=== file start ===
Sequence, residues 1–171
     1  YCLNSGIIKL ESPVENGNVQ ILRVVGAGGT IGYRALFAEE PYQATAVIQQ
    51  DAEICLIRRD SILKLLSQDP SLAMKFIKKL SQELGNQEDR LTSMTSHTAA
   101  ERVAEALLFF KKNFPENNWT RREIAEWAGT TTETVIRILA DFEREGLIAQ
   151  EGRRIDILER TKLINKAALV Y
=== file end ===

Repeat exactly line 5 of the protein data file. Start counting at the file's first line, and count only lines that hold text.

   151  EGRRIDILER TKLINKAALV Y